ਗੁਰੁ ਮੇਰੈ ਸੰਗਿ ਸਦਾ ਹੈ ਨਾਲੇ ॥
gur mayrai sang sadaa hai naalay.
My Guru is always with me, near at hand.

ਸਿਮਰਿ ਸਿਮਰਿ ਤਿਸੁ ਸਦਾ ਸਮ੍ਹ੍ਹਾਲੇ ॥੧॥ ਰਹਾਉ ॥
simar simar tis sadaa samHaalay. ||1|| rahaa-o.
Praying, praying in remembrance on God, I cherish God forever. ||1||Pause||

ਤੇਰਾ ਕੀਆ ਮੀਠਾ ਲਾਗੈ ॥
tayraa kee-aa meethaa laagai.
Your actions seem so sweet to me.

ਹਰਿ ਨਾਮੁ ਪਦਾਰਥੁ ਨਾਨਕੁ ਮਾਂਗੈ ॥੨॥੪੨॥੯੩॥
har naam padaarath naanak maaNgai. ||2||42||93||
Nanak begs for the treasure of the Naam, the name of the Lord. ||2||42||93||

~ Sri Guru Granth Sahib Ji, Guru Arjan, Aasaa, Ang 394

On arriving with very slow and painful steps at the Ravi, Guru Arjan took up some of its cold water recently melted from Himalayan ice and bathed his feet and hands. He then went into the water and bathed his whole body. Meanwhile he recited with great devotion the Japji, which confers salvation on Sikhs. His men, who were like a halo round him, followed his example.

The Guru bowed at the end of his devotions and thus addressed his Sikhs, "I have succeeded in effecting the object of my life. Go to my son (Guru) Hargobind, and console him from me. Tell him not to mourn or indulge in lamentations but sing God's praises. Let him also restrain the other members of my family from grief. Let him sit fully armed on his throne, and maintain an army to the best of his ability."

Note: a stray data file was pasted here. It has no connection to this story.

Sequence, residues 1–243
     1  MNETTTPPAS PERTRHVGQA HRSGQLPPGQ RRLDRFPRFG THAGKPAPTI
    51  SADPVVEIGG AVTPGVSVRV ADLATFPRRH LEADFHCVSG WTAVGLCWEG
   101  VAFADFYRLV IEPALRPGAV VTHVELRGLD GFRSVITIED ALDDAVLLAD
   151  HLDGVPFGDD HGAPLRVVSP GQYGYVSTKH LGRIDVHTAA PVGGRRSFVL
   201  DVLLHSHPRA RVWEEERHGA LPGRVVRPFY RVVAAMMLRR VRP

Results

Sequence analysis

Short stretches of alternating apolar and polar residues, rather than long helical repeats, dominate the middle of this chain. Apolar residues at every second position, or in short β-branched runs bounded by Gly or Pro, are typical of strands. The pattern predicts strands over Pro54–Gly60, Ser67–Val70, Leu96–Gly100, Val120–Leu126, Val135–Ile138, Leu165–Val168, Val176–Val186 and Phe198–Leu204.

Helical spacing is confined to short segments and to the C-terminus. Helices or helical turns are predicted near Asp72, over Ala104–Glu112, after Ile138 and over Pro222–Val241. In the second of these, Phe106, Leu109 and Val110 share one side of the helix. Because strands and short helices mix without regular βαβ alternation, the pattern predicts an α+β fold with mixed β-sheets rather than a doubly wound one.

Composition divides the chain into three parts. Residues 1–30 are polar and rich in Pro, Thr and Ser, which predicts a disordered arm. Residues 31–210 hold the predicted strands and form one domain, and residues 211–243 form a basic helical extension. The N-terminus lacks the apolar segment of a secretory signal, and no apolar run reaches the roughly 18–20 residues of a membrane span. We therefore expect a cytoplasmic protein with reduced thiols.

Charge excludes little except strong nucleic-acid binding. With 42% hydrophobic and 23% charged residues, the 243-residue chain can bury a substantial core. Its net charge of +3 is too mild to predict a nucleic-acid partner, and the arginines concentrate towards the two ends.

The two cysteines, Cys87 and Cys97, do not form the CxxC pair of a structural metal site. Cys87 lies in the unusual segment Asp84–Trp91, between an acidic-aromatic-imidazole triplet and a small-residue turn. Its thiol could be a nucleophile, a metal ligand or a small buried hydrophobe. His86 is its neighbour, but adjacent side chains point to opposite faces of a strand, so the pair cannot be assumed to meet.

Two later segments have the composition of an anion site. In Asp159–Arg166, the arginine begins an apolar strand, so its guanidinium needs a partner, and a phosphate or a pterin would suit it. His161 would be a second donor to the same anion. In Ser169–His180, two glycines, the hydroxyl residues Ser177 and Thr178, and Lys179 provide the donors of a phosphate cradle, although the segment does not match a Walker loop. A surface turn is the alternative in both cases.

Guru Arjan continued, "Let him become the Guru and treat his Sikhs with the utmost courtesy. Let him hold Baba Budha in honour, and in all respects, except the wearing of arms, adopt the practices of the preceding Gurus. Do not attempt to find and cremate my body." As many watched, Guru Arjan entered the Ravi river and was reclaimed by God, never to be seen again.

When Chandu's daughter-in-law heard of the Guru's death she too abandoned her body, as if it were a worthless blade of grass. Her corpse remained concealed in her chamber and none knew that her spirit had accompanied the Guru's in its heavenly flight.

This was how Guru Arjan for his sanctity, his conversion of the hindus and muhammadans, his compilation of the Aad Granth Sahib and his assistance to the grandson of his former benefactor, fell a victim to the bigotry and inhumanity of a muhammadan emperor. In the end, Guru Arjan was victorious over torture and tyranny.

Guru Arjan sowed the seed of martyrdom, which became the heritage of the Sikhs. With his martyrdom the attitude of the Sikhs towards life changed. Emulating the Guru, they could now readily give their lives for any cause dear to them.